Still, within the tragedies of the week, a glimmer of light began to shine as the European Union passed a resolution condemning UNWRA for teaching hate and incitement in its schools. It threatened to withhold all funding until such teaching stopped. Will Canada and America follow these important developments? Or will our nations continue enabling a hostile UN institution and a Palestinian Authority that depresses its own people?

As the world turns, another Shabbat is upon us. Today we mourn the heavy losses in Israel. But we also rejoice in a Jewish legacy that is widely recognized for promoting human rights. This week, it was unveiled that the new Washington National Cathedral will have a bust of Elie Wiesel, recognizing his important contribution to human rights in America.

We reach out for peace and humanity. More importantly, we have to act upon the world to make it a better place. We cannot allow the darkness to consume us.

- Shabbat Shalom

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Avi Abraham Benlolo, BA MA, Doctor of Philosophy (Honoris Causa)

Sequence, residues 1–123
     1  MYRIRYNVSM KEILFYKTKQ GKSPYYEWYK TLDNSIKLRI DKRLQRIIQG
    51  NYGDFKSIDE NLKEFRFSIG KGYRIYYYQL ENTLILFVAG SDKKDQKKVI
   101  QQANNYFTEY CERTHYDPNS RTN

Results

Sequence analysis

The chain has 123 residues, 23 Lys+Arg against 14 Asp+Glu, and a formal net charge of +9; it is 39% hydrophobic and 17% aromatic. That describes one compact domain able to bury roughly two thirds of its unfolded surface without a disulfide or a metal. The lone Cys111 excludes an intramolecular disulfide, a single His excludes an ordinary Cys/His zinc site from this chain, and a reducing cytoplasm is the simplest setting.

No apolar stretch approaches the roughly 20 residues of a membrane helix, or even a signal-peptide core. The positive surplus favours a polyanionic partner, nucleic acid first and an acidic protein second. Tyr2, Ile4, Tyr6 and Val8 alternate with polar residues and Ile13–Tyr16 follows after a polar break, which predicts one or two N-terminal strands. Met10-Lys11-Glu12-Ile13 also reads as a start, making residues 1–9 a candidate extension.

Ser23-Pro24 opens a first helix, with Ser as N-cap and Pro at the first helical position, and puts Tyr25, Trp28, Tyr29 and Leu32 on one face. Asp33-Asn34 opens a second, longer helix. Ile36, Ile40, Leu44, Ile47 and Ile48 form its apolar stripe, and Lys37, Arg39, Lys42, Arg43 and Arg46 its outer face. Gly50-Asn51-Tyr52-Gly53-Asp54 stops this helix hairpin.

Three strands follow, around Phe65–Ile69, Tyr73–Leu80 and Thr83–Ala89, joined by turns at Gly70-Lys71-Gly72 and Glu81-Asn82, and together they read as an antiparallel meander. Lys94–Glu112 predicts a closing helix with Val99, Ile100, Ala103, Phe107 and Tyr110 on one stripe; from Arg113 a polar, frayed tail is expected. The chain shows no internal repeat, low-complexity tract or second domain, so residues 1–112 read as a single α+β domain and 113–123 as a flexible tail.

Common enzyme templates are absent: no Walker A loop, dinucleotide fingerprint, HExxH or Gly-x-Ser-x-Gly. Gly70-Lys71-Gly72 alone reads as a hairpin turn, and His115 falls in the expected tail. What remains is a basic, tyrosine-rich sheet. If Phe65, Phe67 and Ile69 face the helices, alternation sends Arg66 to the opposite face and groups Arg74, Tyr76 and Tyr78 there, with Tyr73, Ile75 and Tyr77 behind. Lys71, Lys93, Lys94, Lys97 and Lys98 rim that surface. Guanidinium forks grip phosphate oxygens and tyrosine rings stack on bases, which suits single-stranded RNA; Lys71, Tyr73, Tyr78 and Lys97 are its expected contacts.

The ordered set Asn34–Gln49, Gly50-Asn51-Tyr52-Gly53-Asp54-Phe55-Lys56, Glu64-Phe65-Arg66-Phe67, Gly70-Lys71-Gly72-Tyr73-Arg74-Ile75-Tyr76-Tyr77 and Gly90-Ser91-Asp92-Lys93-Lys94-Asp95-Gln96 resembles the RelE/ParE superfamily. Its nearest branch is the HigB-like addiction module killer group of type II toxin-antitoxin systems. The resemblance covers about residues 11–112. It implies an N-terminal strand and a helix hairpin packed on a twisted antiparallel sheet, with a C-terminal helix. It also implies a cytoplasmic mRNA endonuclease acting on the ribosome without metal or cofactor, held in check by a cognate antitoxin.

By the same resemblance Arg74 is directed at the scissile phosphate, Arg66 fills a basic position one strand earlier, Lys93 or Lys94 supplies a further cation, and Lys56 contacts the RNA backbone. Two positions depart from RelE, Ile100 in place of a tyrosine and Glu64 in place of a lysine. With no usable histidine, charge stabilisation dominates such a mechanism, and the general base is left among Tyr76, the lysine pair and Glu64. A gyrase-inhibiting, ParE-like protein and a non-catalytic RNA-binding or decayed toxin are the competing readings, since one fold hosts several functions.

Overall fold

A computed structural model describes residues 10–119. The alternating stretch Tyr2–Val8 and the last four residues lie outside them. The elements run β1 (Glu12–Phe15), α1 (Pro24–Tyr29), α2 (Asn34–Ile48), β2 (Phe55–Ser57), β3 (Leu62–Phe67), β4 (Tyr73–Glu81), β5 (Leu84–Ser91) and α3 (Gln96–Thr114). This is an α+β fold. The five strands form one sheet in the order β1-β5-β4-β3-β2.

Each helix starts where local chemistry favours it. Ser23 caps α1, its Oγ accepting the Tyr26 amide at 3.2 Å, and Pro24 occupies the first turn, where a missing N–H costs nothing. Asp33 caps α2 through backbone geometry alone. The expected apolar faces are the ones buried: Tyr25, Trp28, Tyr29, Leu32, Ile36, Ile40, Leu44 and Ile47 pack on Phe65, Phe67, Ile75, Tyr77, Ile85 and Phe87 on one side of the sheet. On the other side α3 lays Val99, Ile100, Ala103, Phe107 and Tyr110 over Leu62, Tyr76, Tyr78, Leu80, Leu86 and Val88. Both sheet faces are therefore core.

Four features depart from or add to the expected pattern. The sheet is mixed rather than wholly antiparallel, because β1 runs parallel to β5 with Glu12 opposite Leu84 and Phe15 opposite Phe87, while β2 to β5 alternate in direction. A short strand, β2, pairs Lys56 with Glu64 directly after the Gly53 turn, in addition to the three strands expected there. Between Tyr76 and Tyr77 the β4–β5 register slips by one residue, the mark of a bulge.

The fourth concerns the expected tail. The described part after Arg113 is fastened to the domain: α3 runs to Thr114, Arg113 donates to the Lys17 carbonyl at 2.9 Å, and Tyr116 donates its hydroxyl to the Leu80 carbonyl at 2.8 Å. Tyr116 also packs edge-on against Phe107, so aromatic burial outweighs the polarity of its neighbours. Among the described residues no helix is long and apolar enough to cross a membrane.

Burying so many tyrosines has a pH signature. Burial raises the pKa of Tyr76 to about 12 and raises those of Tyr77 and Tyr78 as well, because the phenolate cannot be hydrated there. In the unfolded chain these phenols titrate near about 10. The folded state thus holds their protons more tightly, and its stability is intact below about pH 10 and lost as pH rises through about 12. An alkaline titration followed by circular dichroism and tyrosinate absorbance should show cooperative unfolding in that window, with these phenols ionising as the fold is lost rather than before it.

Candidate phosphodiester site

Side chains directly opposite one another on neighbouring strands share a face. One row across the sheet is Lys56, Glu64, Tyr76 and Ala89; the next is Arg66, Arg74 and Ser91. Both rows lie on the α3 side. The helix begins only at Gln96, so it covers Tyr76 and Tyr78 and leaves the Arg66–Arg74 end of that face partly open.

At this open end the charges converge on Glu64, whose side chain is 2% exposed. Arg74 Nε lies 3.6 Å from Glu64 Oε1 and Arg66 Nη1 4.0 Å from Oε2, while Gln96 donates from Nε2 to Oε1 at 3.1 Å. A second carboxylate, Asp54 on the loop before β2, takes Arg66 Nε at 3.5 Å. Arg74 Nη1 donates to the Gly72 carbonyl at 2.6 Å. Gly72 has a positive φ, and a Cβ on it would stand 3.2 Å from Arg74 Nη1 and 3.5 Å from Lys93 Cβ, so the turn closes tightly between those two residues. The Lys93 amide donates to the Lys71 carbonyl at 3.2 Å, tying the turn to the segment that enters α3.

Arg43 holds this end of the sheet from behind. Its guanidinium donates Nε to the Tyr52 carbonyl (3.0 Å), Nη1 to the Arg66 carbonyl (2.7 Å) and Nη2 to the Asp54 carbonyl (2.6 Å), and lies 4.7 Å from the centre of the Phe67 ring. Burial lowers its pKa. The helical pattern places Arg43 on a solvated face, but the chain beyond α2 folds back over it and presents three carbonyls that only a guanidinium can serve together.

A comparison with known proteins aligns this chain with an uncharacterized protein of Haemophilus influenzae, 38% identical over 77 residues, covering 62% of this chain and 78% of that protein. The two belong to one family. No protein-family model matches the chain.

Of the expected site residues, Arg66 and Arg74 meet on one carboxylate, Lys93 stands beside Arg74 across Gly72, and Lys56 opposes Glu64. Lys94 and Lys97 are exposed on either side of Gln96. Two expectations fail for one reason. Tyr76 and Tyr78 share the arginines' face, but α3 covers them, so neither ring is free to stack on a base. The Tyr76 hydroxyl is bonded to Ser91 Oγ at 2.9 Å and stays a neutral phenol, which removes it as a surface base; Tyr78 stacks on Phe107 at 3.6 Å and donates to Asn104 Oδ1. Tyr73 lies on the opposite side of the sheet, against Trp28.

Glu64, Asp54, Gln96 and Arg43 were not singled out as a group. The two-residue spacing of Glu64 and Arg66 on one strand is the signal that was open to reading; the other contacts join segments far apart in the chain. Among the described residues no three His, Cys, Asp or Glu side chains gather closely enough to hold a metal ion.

Order of Vaughan, Queens Diamond Jubilee Medal, Race Relations Award

ABOUT: Avi Abraham Benlolo has been described as the nation's most prominent and noted expert in Holocaust studies, in countering Antisemitism and promoting human rights. He has dedicated nearly three decades in executive capacities, was founding President and CEO of a major organization in the Jewish community, has raised over $150 million for charities and is a leading voice in Canada. His academic research, graduate degree, Ph.D. coursework and nearly three decades of professional work has focused on these arenas in addition to peace and security in the Middle East. He has published hundreds of articles in these areas. In recognition of his national and international leadership in this area, he has received numerous awards including an Honorary Doctorate from a prestigious Israeli university for his work in Holocaust studies and combating antisemitism; an Order of Vaughan for his distinguished contribution to anti-racism, equity and diversity; the Queens Diamond Jubilee Award for his contributions to Canada and a race relations award for best practice, based on distinguished service in promoting human rights.

As a supporter of Israel, he is proud to have established "The Avi Benlolo Scholarship Fund in National Security" at Haifa University.